Just in time logistics refers to a shipping method in which the required goods are delivered on time and in exact quantities in order to minimize warehousing at the processing location. The crucial difference to just-in-time production is that the supplier does not have to pay attention to the correct sequence when packing the goods; in just-in-time production, the “process principle” is applied to the purchasing plan. The flow principle states that all materials should be in a constant flow. A good shipping plan enables the form of procurement logistics applied here. The task of the dispatch planning is to keep the dispatch and storage costs as small as possible. By determining the optimal delivery size and calculating the correct cycle length, these costs can be reduced.
Electronic data exchange between customers and suppliers is essential to ensure smooth and just-in-time procurement. Required material quantities are delivered to the assembly line only when needed. Stock quantities are therefore only created directly on the assembly line. Logistics plays a key role in the operating concept, which is based on just-in-time processes. Interactions between suppliers, producers and end customers only function efficiently and smoothly if specific logistical requirements are met. Two aspects that must be taken into account are thus the optimal distribution of goods in the warehouse according to individual goods turnover and the use of automated systems such as tote conveyor systems to minimize operator movements. Just In Time logistics is not suitable for all companies. One industry where Just In Time is particularly useful is high-volume manufacturing. Just In Time processes are used primarily in the automotive and aerospace industries. In today’s automotive industry, about one-third of all components are delivered just in time. Computer and consumer electronics manufacturers have also successfully used Just In Time methods.
Among the most important benefits of Just In Time logistics are savings in warehousing (storage space, organization, personnel). Another related benefit is that there is less inventory management risk because the inventory is clear. In addition, the flexibility of Just In Time Logistics allows companies to respond quickly to unforeseen market changes. Other business goals of Just In Time logistics include increasing flexibility, improving service to customers, increasing liquidity, reducing risk, and increasing productivity. Just In Time logistics means that a company’s suppliers must ensure that goods reach the customer on time. To be able to achieve this goal, the parties agree in advance on a certain lead time, which is given to the supplier after the customer has placed the order.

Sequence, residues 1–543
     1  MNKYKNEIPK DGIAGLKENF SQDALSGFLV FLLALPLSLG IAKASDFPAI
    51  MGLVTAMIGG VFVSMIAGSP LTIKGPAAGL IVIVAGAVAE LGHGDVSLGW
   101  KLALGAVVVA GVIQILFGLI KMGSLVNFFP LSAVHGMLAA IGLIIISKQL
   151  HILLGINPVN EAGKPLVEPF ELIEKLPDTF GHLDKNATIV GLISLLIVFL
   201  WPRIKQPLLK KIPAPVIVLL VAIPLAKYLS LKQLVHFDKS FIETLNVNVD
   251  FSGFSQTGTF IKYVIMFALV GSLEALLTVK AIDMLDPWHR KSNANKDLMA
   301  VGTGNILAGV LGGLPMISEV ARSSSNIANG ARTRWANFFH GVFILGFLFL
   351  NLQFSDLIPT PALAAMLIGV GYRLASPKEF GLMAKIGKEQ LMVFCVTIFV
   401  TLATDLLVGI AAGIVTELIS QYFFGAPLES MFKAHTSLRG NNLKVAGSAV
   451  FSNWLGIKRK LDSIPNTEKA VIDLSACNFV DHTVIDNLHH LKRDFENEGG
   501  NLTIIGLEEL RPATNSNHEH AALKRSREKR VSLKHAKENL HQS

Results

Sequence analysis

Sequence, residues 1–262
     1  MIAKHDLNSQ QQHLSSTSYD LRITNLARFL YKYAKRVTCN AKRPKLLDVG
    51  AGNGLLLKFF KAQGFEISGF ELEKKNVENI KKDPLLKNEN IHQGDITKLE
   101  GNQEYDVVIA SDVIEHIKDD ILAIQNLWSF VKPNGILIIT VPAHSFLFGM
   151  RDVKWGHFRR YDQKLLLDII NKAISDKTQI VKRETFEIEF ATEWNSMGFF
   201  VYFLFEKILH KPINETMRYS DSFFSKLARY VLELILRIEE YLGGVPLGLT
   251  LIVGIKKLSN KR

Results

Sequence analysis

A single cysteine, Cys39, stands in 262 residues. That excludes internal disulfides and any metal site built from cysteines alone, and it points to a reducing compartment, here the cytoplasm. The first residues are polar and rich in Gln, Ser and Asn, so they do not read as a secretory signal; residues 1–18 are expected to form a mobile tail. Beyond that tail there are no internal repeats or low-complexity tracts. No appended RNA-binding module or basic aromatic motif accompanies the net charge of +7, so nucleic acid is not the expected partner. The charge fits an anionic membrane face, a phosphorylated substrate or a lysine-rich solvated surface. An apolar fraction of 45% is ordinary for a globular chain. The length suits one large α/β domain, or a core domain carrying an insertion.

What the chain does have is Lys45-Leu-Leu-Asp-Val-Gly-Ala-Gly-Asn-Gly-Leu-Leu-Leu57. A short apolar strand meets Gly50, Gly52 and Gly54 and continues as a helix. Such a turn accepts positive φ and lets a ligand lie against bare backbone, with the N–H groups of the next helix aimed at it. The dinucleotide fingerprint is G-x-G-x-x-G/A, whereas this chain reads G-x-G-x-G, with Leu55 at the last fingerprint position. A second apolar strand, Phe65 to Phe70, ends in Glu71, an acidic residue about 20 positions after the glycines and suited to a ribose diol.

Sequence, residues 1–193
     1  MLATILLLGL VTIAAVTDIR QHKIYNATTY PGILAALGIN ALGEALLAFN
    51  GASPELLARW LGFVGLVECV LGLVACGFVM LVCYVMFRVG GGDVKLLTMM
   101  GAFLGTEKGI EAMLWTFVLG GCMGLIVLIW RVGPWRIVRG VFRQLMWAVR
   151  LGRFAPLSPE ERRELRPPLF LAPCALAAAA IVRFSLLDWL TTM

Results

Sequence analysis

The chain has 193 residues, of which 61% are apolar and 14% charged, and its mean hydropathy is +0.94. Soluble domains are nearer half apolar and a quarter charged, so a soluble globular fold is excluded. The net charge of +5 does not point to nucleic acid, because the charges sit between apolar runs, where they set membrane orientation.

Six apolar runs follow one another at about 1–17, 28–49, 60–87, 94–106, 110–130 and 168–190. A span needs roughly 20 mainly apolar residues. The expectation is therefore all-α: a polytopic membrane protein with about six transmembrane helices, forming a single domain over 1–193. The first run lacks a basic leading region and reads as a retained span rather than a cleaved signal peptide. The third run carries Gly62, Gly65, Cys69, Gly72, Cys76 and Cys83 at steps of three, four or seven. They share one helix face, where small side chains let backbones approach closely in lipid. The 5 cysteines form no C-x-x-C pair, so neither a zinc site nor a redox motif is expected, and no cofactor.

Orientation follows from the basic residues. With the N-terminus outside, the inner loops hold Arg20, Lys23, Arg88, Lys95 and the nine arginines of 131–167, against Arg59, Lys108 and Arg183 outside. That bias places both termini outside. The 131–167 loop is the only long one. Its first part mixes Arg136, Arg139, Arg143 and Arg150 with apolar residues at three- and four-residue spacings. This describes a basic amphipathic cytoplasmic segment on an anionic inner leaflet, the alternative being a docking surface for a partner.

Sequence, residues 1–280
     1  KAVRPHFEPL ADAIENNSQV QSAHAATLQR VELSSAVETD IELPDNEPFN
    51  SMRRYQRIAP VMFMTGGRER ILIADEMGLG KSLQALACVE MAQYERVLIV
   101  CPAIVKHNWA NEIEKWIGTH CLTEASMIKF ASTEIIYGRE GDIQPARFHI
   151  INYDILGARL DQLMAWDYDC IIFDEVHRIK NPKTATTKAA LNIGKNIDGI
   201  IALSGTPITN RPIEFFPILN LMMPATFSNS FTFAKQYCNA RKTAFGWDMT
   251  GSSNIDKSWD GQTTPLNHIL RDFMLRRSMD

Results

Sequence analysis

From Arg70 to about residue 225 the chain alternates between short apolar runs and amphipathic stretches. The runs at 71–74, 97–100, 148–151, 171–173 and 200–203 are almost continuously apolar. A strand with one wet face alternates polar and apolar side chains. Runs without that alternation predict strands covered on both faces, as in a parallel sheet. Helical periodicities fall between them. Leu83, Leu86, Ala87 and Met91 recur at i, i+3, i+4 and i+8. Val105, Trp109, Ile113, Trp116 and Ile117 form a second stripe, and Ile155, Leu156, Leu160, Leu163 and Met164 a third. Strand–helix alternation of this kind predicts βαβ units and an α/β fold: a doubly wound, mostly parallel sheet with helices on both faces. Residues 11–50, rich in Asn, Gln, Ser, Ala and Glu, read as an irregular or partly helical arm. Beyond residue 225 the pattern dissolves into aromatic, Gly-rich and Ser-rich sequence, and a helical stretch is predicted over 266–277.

Just-in-time procurement enables companies to reduce production costs. Before the just-in-time process can be used successfully, a number of framework conditions must first be created – and this is the only way to keep costs as low as possible. Storage is largely shifted to transport routes – a good infrastructure is an essential prerequisite – and the reduction of lead times depends largely on this. The supplier’s location is usually not close to the production site – so the goods have to be transported from A to B. This is a major factor in reducing lead times. Another prerequisite for just-in-time success, just as important as infrastructure, is cooperation between manufacturing companies and suppliers. It is defined by two other factors: Information flow and supplier flexibility. Collaboration with flexible suppliers is important. This is the only way to ensure that information flows smoothly and that the required parts arrive in production on time. Another requirement relates to the turnover rate. The demand for individual parts should last as long as possible. Last but not least, the delivered product must be of a certain quality so that it can be further processed without further ado.
The downside of Just In Time procurement is, on the one hand, the increased communication effort. Communication between customers and suppliers always requires the exchange of protocols on the current production situation. Otherwise, delivery of the wrong part can lead to lengthy rework and delivery delays. On the other hand, environmental influences such as snow and storm damage as well as traffic disruptions jeopardize smooth production. Complications along the way, such as accidents or detours, can mean that supplies do not reach production on time, resulting in production downtime. A clear disadvantage to just-in-sequence is that it does not completely eliminate warehousing.
Just in Time logistics is now understood as specific behavioral principles in industry that are part of the Lean Management philosophy. The Just In Time process is intended to minimize expensive warehousing costs and shorten changeover and lead times. Each company must decide for itself whether the use of Just In Time warehouses makes sense. It must be checked whether the necessary framework conditions are in place. The introduction of a Just In Time approach requires organizational changes in all areas of the supply chain.